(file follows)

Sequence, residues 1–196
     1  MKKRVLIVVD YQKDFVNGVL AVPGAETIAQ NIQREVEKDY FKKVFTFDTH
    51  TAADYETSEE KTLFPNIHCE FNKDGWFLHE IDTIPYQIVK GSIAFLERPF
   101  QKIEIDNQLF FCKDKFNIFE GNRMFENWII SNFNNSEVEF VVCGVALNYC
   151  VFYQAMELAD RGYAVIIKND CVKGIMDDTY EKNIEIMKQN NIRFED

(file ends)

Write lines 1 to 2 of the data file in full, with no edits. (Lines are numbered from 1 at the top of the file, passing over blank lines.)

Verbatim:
Sequence, residues 1–196
     1  MKKRVLIVVD YQKDFVNGVL AVPGAETIAQ NIQREVEKDY FKKVFTFDTH